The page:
Members of the Arab List elected to the Israeli Knesset (parliament) at last week’s elections are walking a tightrope. The decision announced by the List’s leader, Ayman Odeh, on 22 September to endorse Benny Gantz, leader of the centrist Blue and White party, as Israel’s next Prime Minister has generated a backlash.

Palestinians that I have contacted have told me that many Palestinians in the West Bank and Gaza, who as non-Israeli citizens could not vote in the elections, are angry over the List’s decision – as are some Arab Israelis (Palestinians living within Israel, who comprise a fifth of Israel’s population).

It is the first time since 1992 that Arab parties have endorsed a prime ministerial candidate.

They argue that endorsing Gantz is equivalent to supporting Zionism (the nationalist movement to create a Jewish homeland in what is now Israel), which has caused the dispossession of the original Palestinian inhabitants. Gantz, as Chief of General Staff of the Israel Defense Forces from 2011 to 2015, oversaw Israeli military operations in Gaza and the West Bank, which he highlighted during the election campaign.

Even one of the four Arab parties that make up the List, Balad (Arabic for “homeland”), has dissociated itself from Odeh’s announcement.

Moreover, the List’s plumping for Gantz has been seized on by Benjamin Netanyahu, who remains caretaker Prime Minister pending formation of a post-election government. Netanyahu commented that Odeh’s decision is “exactly what we’ve been warning of”. This point chimed with his campaign rhetoric, which was peppered with anti-Arab statements, including a comment on his official Facebook page that “Arabs want to annihilate us all – women, children, men”.

Netanyahu’s Likud party won fewer seats (31) than Blue and White (33) – both well short of the necessary 61-seat majority in the 120-seat Knesset). But Netanyahu is pulling out all the stops to remain Prime Minister in the hope of gaining immunity from corruption charges against him.

With the List’s endorsement and that of centre-left parties, Gantz had the support of 57 Knesset members (MKs) against Netanyahu’s 55 (comprising the religious and right-wing parties). But Balad’s dissociation from the List’s decision leaves Gantz with 54 MKs, giving Netanyahu an edge.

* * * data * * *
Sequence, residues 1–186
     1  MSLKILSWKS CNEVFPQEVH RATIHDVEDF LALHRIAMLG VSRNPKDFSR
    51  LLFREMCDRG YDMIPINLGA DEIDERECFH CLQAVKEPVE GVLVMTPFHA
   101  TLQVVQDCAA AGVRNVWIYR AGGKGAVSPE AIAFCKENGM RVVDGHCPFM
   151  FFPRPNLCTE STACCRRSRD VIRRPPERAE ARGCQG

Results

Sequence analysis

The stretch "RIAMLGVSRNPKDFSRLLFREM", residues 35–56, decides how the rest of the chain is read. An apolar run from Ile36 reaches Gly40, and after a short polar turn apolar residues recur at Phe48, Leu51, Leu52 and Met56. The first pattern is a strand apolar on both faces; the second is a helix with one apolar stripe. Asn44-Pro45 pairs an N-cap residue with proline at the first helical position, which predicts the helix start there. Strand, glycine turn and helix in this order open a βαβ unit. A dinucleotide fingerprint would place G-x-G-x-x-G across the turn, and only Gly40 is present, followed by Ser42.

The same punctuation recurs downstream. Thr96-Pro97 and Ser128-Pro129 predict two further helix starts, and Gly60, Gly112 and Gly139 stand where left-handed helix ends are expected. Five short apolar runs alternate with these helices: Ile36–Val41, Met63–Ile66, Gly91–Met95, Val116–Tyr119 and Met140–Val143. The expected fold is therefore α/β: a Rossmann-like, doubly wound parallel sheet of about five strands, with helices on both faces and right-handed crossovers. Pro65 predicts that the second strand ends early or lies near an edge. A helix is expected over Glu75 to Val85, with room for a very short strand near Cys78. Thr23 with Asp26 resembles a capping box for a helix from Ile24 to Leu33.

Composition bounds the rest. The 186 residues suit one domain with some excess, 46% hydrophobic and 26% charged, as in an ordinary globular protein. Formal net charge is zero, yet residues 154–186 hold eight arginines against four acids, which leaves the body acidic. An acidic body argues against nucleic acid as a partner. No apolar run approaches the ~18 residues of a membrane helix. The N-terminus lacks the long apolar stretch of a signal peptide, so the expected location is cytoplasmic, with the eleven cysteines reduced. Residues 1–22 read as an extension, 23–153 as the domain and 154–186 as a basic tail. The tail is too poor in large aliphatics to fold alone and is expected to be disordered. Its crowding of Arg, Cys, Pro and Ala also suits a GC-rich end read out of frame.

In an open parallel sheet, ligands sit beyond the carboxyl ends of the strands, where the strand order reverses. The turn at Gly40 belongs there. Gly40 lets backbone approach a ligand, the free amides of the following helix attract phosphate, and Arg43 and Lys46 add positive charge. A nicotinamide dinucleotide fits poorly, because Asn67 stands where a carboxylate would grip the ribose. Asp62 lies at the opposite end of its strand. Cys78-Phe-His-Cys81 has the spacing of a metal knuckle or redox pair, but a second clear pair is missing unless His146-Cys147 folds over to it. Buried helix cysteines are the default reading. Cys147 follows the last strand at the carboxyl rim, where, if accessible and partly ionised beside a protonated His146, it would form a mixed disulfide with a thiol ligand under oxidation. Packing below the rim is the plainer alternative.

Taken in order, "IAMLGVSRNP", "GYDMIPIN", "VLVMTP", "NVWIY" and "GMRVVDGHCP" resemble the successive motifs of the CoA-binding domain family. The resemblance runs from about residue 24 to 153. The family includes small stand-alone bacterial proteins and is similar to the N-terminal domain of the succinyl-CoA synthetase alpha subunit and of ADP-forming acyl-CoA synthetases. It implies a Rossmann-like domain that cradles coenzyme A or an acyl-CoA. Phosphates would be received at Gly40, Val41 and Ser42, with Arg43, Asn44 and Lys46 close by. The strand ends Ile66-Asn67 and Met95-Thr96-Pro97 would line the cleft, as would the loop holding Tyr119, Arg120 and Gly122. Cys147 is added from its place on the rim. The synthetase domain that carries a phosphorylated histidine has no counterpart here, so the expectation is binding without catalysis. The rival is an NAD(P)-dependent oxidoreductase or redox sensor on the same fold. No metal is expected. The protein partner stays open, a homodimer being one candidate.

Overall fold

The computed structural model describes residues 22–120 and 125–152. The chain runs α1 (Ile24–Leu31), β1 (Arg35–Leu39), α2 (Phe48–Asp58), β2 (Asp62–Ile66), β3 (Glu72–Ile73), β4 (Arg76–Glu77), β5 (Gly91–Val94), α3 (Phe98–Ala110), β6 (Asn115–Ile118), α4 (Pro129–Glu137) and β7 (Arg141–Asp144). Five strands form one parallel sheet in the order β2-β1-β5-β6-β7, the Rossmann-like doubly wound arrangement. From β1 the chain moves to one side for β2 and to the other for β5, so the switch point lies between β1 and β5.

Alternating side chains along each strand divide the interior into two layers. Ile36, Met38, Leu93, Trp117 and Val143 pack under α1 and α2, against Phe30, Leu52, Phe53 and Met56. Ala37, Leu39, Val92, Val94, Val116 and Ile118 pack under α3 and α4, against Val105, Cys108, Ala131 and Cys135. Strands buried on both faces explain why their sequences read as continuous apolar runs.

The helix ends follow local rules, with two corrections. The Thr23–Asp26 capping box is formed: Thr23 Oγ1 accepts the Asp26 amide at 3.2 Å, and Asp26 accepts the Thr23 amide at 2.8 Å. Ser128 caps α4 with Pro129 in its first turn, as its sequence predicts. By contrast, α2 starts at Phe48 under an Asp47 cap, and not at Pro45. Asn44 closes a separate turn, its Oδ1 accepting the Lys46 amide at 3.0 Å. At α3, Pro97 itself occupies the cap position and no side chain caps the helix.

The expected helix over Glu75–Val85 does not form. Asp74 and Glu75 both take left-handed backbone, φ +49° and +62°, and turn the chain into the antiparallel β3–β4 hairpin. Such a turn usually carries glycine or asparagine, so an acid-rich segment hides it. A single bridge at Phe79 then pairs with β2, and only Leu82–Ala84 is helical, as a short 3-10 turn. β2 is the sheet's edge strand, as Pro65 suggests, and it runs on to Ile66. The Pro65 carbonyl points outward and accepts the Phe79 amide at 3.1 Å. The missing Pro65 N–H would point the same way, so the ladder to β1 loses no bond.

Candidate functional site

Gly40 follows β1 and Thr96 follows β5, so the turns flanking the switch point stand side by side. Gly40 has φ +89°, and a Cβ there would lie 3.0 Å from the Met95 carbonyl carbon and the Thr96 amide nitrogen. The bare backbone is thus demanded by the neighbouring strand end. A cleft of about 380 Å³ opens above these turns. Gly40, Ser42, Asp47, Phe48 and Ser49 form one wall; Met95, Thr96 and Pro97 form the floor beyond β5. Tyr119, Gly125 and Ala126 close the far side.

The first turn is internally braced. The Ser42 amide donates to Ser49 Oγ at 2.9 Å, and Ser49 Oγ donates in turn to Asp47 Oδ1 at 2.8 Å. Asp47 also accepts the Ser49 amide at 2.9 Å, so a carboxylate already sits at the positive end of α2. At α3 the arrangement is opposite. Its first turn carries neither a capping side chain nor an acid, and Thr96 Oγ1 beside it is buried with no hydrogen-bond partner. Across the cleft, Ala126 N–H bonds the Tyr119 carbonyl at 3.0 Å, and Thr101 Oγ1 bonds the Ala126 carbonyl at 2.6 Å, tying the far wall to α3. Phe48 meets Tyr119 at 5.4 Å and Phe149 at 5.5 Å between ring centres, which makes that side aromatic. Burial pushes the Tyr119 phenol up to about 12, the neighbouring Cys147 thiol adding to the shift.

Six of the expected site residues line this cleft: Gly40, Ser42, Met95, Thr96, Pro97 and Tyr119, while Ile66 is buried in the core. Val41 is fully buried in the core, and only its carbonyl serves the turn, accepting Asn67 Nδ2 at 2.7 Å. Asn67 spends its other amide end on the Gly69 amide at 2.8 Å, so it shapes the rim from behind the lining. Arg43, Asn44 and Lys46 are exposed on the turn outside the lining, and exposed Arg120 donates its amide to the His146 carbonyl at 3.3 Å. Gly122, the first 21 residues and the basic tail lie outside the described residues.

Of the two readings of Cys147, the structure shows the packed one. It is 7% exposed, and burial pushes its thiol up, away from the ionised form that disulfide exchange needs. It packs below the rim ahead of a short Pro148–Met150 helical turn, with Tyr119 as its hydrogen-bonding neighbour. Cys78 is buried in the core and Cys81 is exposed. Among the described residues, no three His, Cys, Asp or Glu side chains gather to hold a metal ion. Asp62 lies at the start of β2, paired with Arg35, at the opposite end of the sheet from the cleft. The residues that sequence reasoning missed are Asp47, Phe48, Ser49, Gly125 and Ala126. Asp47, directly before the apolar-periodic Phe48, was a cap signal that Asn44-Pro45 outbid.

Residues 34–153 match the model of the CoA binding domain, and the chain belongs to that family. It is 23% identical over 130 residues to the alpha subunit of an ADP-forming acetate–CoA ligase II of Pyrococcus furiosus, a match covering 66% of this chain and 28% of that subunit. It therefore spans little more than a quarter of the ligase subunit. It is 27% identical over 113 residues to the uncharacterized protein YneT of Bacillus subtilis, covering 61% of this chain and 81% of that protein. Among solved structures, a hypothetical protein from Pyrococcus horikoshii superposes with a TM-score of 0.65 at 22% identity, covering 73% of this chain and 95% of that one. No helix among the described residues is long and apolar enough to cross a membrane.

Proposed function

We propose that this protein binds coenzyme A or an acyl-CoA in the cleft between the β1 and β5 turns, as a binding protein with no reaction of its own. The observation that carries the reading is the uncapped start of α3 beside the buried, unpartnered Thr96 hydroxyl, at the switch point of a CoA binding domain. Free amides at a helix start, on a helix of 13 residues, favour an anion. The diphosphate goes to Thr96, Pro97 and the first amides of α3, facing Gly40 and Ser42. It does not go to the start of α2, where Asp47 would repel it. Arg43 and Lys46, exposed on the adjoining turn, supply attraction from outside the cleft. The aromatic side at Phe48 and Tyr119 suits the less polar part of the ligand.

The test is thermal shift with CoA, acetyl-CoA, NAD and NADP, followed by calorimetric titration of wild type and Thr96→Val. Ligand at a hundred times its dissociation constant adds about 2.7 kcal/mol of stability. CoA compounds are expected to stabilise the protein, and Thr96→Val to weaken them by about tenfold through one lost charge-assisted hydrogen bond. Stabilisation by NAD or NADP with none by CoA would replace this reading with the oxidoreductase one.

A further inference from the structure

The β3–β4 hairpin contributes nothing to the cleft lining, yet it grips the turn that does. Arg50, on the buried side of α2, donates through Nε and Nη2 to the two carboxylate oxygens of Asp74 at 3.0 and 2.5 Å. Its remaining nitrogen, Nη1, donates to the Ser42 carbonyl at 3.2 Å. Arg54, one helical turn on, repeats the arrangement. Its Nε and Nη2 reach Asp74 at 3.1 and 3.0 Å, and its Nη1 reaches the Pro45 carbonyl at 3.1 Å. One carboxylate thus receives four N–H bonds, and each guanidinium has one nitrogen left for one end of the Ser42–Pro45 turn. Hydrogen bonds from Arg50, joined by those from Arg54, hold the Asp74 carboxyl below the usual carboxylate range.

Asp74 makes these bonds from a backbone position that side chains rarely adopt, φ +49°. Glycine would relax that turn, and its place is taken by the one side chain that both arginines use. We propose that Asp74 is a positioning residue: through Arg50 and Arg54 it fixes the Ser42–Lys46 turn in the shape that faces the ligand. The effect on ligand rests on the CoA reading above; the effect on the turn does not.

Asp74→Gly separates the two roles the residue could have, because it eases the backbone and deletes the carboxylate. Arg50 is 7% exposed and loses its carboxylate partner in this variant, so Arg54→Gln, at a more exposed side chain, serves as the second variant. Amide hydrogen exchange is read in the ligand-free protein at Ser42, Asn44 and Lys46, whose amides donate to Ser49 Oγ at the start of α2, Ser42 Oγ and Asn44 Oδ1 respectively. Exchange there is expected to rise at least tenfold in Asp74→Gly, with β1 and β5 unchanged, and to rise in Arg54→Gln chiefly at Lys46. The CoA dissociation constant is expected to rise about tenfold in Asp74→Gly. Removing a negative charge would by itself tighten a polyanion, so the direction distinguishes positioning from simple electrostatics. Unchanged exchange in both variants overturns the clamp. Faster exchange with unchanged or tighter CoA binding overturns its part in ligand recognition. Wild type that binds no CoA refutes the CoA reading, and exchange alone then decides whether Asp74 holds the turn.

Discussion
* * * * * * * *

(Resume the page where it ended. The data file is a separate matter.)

So far, secular nationalist leader Avigdor Lieberman, whose Yisrael Beiteinu party won eight seats and whose walkout from Netanyahu’s coalition after the April elections sparked the fresh poll, has not shown a preference for either leader. Lieberman, poised to be kingmaker, has said he wants a national unity government comprising Blue and White, Likud and him.

Odeh’s decision is controversial, as it is the first time since 1992 that Arab parties have endorsed a prime ministerial candidate. Then their support was for Yitzhak Rabin, also a former senior military commander, who went on to sign the Oslo Accords with PLO leader Yasser Arafat in 1993.

Odeh has made clear in his public comments, including an op-ed in the New York Times on 22 September, that he has no illusions about Gantz. Though prepared to support Gantz in the Knesset, the Arab List would not join a coalition led by him.

But Gantz has not been overtly anti-Arab in the way Netanyahu has. He denounced Netanyahu’s incitement against Arabs and rejected a Likud-sponsored bill that would have allowed filming of predominantly Arab-Israeli polling centres – a tactic that would have discouraged Arab participation.

Netanyahu’s concerns about Arabs voting against him have in the past seemed overblown. Arab Israelis have historically been less interested in national politics than in municipal elections. Arab parties have never participated in a national government, whereas at the local level they can make a difference in predominantly Arab communities. The Arab turnout in the April election this year was only 49%.

But something changed in the lead-up to this month’s election.

Firstly, Arab Israelis structured their four main parties into a single list, which maximised their representation in Israel’s proportional voting electoral system.

Secondly, they sensed a vulnerability in Netanyahu, given the split between him and Lieberman.

Motivated by determination to oust Netanyahu, Arab Israeli turnout leapt to 60%, giving the List 13 seats, making them the third largest bloc in the Knesset and potentially the official opposition – assuming Lieberman gets his way and there is a national unity government.

Being the official opposition would be a big deal. Odeh would be entitled to a protective security detail, intelligence briefings from Mossad, meetings with visiting international leaders and first right of reply to the Prime Minister in the Knesset. For many Israelis, that would require some getting used to.

The question is: will Arab Israelis blow it? They won 13 seats in 2015, when they previously had a Joint List, but Arab representation fell to ten seats when their parties competed separately in April this year. As Balad’s split with the other List parties over endorsing Gantz showed, they have many differences.

Whoever eventually becomes Prime Minister, much of the future for Arab Israelis will depend on Odeh’s leadership in the coming months.

Odeh seems to understand this. He wrote in the New York Times:

Arab Palestinian citizens cannot change the course of Israel alone, but change is impossible without us … If the centre-left parties of Israel believe that Arab Palestinian citizens have a place in this country, they must accept that we have a place in its politics.